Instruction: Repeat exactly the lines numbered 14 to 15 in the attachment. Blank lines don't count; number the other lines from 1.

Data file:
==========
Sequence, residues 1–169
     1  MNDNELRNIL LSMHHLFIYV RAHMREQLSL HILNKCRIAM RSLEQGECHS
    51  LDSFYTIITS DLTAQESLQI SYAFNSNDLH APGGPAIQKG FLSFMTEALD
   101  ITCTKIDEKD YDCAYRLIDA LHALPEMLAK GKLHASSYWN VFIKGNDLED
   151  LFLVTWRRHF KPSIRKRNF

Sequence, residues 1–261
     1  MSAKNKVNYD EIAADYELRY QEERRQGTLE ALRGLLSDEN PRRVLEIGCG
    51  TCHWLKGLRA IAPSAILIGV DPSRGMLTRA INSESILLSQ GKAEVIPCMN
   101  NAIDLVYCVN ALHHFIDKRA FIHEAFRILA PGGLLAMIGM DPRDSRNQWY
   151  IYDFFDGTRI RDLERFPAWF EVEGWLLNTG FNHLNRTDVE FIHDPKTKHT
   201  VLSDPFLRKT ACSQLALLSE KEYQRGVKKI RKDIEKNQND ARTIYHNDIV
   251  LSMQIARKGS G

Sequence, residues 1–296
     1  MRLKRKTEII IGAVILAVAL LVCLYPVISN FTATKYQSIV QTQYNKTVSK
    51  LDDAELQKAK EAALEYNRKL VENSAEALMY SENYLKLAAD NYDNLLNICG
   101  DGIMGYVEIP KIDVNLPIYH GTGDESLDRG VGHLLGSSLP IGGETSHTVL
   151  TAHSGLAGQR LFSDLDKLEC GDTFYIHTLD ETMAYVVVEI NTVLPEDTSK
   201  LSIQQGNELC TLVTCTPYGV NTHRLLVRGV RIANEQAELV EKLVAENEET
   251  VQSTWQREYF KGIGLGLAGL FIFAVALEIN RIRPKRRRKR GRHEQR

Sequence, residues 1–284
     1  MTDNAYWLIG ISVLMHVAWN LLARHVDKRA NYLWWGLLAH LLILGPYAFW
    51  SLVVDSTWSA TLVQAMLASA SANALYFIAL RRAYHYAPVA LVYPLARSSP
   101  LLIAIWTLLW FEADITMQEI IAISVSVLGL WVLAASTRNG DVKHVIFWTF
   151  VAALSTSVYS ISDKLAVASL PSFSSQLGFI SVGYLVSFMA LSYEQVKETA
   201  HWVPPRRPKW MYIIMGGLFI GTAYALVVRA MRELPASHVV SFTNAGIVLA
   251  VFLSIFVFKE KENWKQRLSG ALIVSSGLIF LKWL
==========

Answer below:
     1  MRLKRKTEII IGAVILAVAL LVCLYPVISN FTATKYQSIV QTQYNKTVSK
    51  LDDAELQKAK EAALEYNRKL VENSAEALMY SENYLKLAAD NYDNLLNICG